Create An Nginx Reverse Proxy With Docker

How To Run Multiple Docker Containers Under One URL

Manny Codes
Jul 21 · 8 min read
Create An Nginx Reverse Proxy With Docker

What Is A Reverse Proxy?

“a reverse proxy is a type of proxy server that retrieves resources on behalf of a client from one or more servers.”

A reverse proxy is like a middleman (proxy) between a user (client) making a request to that proxy and that proxy making requests and retrieving its results from other servers.

A&W Reverse Proxy Metaphor

A metaphor for this is a fast food chain. Let’s use A&W for this, because I love their Beyond Meat Burgers. You, the user (client), approach the counter to make an order (request) to the sales clerk (proxy), which accepts your requests, relays the requests to the cooks (other servers) in the back, and returns the food to you at the point of where you made the request.

Why Would You Need This?

The main reason for creating this is so that you’re hosting everything under one domain name or ip address under port 80 and don’t require that the user specify special port numbers when making requests to the frontend, backend, or other services.

Another reason is to avoid CORS issues because the requests being made from the frontend are coming from the same location from the backend, so there should be no additional configurations needed for the backend.

Example: What We’re Avoiding

# Domain Name: http://yourdomain.com# Frontend: http://yourdomain.com:3001# Backend: http://yourdomain.com:5000

Example: What We’re Trying To Achieve

# Domain Name: http://yourdomain.com# Frontend: http://yourdomain.com# Backend: http://yourdomain.com/api

Requirements

  • Docker CE 18.09.2 or higher

That’s it! As long as you have Docker installed, then you’re set. You might need a text editor, but this can be achieved on Mac OS or a Linux OS if Docker is installed.

Structure

The way we’re going to structure this is by having a three (3) docker containers running under the same network but only have the reverse proxy exposed to the client.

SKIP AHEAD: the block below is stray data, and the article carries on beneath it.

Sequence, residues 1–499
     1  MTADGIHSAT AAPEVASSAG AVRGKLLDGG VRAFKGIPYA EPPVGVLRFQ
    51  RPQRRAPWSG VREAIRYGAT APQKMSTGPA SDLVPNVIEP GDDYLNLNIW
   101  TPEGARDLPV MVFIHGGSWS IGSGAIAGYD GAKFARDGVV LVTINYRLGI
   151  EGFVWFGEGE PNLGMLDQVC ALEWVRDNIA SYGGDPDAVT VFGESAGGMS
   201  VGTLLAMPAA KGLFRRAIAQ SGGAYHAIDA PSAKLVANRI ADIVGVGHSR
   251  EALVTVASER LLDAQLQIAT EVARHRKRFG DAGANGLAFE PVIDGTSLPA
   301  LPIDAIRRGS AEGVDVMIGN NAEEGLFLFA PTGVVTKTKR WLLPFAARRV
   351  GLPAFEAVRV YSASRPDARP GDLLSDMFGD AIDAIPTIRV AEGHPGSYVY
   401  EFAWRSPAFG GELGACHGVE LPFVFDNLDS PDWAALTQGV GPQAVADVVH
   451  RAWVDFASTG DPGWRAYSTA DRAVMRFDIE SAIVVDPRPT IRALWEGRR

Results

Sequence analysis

# Container A: nginx-proxy# Container B: frontend# Container C: backend# Request Frontend -> A <- B
# Request Backend -> A <- C

Creating Our Backend Container

For this, we’re going just going to create a simple NodeJS backend API that is just going to expose the version number of its API.

We’re going to borrow the NodeJS alpine docker, and run the following:

# Notice that I didn't specify a port with -pdocker run -it -d --name backend node:10.15.3-alpine;

Creating NodeJS Application

Next we’ll enter the container, download the necessary dependencies, and start our NodeJS server.

docker exec -it backend /bin/sh;

We’ll need an editor, and I like nano so we’ll install it:

apk add nano;

Next we’ll go into the /home/node directory and create our project there:

cd /home/node;npm init;npm install express --save;touch index.js;nano index.js;

In our file we’ll add the following:

/home/node/index.js

const express = require('express');
const app = express();
const port = 5000;
const version = '1.0.0';
app.get('/', (req, res) => res.send({ version }));app.listen(port, () => console.log(`Listening on port ${port}`));

To save it ctrl + x, then y, and then enter.

Let’s run it now:

node index.js;

If we open up http://localhost:5000 you’ll notice that nothing is showing:

Testing Initial NodeJS Application

To test if our server is running, let’s open up a new Terminal window and enter our docker container again:

docker exec -it backend /bin/sh;

To test this, we’ll need to add curl to our container:

apk add curl;

Then to test it we should run:

curl localhost:5000;# Expected Output
# {"version":"1.0.0"}

Hurray! it’s working.

Let’s exit from our containers by pressing ctrl + q and then ctrl + q.

Creating Our Frontend Container

Our next step is to create a static HTML frontend with JavaScript that makes a request to the backend to retrieve the version number.